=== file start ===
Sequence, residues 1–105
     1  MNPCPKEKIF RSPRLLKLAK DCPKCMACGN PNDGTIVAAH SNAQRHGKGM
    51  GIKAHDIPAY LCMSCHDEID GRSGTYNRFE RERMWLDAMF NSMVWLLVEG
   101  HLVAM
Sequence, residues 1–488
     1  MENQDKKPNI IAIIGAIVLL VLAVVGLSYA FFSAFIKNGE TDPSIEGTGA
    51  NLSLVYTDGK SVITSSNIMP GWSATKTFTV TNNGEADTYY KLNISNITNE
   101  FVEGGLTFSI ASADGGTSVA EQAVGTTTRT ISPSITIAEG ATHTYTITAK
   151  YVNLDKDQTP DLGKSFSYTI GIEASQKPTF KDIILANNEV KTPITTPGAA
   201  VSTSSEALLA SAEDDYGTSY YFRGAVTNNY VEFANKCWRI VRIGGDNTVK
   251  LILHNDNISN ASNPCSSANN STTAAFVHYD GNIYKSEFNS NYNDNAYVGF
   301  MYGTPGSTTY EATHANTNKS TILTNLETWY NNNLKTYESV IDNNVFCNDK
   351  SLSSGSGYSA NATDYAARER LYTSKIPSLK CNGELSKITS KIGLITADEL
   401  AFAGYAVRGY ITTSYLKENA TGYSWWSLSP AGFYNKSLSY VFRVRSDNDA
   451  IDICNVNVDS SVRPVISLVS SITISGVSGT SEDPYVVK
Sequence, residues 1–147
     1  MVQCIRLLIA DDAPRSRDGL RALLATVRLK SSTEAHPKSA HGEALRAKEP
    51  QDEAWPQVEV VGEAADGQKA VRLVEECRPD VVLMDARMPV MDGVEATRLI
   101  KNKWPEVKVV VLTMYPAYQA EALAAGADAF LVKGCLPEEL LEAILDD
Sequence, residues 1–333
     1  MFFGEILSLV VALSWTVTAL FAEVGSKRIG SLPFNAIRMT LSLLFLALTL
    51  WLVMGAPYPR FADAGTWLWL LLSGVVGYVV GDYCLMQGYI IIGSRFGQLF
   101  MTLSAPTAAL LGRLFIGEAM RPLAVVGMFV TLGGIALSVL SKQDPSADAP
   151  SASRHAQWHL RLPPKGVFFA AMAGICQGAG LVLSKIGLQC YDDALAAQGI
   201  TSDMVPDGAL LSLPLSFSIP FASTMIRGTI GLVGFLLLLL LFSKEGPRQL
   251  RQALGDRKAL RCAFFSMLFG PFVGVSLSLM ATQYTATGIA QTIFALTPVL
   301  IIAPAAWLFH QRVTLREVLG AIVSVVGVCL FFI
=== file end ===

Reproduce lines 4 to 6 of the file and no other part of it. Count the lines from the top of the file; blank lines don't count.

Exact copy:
   101  HLVAM
Sequence, residues 1–488
     1  MENQDKKPNI IAIIGAIVLL VLAVVGLSYA FFSAFIKNGE TDPSIEGTGA